What could ultimately game changing is if we find updated and refined depth sense technology embedded and delivered directly with the next series of smartphones and augmented reality devices (e.g. Google Glass).  In that world, everyone has a 3D depth sensor, everyone is capturing data, and the potentials are limitless for applications which can harvest and act upon that data once captured.

Let the era of crowd sourced world 3D data capture begin!

(. . . but wait, who owns that 3D world database once created. . .

This article was original published on DEVELOP3D on November 18th, 2013, it has been modified since that original posting.

littleBits Raises An Additional $11.1M in Series B Funding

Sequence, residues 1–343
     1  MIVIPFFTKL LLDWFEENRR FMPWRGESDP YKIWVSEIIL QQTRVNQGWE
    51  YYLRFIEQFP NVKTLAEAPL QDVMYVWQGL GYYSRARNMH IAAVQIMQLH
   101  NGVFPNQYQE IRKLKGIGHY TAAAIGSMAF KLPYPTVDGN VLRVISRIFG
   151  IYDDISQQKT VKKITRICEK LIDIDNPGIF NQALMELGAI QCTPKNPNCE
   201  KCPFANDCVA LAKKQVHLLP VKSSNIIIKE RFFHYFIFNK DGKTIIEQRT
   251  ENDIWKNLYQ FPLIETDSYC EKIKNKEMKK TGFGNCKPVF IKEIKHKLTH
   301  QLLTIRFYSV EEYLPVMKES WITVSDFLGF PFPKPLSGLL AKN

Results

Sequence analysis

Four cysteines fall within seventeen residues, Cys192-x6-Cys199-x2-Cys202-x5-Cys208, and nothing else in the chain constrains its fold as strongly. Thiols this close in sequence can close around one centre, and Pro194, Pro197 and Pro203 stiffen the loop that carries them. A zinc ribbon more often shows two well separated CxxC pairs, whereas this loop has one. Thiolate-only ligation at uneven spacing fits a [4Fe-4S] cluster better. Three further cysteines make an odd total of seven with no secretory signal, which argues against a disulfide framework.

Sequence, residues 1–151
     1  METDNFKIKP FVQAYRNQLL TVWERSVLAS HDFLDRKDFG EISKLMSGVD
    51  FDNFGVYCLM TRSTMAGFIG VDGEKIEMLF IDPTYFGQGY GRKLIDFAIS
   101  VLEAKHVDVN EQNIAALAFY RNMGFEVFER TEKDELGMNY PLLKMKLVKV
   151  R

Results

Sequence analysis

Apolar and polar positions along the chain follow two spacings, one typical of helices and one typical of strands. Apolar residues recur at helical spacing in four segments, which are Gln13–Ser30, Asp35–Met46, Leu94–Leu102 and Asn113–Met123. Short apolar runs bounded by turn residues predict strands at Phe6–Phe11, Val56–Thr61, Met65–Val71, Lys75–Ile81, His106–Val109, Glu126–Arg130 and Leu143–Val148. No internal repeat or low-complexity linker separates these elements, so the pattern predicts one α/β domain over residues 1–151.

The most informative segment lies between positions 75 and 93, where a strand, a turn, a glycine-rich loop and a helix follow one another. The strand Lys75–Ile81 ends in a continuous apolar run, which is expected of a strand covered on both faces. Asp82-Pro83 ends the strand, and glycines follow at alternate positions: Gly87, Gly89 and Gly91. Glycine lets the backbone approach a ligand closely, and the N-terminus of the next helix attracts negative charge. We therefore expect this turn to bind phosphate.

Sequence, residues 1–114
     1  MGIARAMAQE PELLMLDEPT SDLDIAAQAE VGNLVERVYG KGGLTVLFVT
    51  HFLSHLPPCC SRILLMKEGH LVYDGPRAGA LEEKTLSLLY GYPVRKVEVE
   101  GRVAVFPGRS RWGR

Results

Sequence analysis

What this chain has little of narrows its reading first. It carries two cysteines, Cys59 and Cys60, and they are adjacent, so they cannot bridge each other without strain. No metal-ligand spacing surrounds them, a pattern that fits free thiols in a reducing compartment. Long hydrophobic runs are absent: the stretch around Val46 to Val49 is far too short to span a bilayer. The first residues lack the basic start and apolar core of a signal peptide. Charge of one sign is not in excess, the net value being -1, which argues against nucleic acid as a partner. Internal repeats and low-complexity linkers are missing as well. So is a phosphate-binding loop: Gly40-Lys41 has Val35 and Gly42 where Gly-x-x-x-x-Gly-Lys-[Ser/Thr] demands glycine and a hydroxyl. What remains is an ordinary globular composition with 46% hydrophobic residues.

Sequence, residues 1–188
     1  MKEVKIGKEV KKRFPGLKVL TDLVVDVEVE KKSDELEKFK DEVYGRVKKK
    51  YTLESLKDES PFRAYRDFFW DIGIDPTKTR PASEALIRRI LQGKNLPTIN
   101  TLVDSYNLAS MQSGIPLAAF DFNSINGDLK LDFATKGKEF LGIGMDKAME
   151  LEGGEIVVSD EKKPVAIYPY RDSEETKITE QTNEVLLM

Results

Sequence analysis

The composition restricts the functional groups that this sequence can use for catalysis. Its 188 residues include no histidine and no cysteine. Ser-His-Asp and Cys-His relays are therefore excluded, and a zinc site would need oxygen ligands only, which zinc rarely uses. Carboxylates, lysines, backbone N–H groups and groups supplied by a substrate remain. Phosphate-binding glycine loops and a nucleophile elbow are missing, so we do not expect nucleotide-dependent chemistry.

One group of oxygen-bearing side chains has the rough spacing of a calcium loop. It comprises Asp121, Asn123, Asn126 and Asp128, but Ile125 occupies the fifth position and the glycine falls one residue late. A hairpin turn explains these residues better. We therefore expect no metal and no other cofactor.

littleBits, the New York City based open hardware startup, has raised a $11.M Series B round of funding led by True Ventures (@trueventures) and Foundry Group (@foundrygroup) and includes new investors Two Sigma Ventures (who had also just led an $11.5M investment in Rethink Robotics, and is invested into Floored (@Floored), who I have blogged about before) and Vegas Tech Fund (@VegasTechFund).   Returning investors Khosla Ventures (@vkhosla), Mena Ventures, Neoteny Labs, O’Reilly AlphaTech (@OATV), Lerer Ventures (also invested into Floored) (@lererventures) and new and returning angel investors also participated.  littleBits had previously raised $3.65M in Series A funding, and $850K in seed funding, bringing its total raised to date to over $15M.